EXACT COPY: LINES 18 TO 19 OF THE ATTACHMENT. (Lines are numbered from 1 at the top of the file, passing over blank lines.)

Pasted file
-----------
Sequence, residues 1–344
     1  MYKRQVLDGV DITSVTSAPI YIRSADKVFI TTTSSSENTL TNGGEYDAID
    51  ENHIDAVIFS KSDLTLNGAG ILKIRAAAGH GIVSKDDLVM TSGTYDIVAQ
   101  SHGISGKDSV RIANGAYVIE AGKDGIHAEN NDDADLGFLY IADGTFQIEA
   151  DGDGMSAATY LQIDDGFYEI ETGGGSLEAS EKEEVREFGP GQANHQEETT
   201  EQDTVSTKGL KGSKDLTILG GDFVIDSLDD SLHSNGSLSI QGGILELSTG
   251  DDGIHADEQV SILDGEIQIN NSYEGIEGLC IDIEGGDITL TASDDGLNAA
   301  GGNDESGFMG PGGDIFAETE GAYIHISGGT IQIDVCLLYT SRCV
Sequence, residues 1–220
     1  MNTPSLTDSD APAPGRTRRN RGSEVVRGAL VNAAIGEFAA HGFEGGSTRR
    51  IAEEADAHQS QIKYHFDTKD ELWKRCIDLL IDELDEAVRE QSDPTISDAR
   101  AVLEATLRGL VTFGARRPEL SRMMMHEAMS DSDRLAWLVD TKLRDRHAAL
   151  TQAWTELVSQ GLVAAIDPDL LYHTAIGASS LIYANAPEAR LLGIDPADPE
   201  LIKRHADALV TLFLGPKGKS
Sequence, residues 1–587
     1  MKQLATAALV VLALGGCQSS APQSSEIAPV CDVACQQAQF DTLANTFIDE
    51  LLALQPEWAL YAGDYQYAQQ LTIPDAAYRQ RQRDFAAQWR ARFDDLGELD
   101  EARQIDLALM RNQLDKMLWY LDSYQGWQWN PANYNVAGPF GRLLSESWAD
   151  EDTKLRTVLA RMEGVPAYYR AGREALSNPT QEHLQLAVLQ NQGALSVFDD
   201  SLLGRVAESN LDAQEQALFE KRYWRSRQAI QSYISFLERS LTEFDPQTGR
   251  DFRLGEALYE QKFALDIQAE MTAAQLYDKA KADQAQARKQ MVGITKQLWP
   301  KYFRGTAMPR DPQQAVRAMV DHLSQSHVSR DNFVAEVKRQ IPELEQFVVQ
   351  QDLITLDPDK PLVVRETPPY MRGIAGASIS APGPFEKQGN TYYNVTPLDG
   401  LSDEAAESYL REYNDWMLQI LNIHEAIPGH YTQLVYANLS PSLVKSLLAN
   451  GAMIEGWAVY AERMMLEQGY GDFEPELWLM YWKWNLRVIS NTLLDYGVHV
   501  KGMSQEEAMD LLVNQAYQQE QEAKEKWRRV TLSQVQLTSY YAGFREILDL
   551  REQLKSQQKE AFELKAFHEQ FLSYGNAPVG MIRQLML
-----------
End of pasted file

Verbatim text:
   101  EARQIDLALM RNQLDKMLWY LDSYQGWQWN PANYNVAGPF GRLLSESWAD
   151  EDTKLRTVLA RMEGVPAYYR AGREALSNPT QEHLQLAVLQ NQGALSVFDD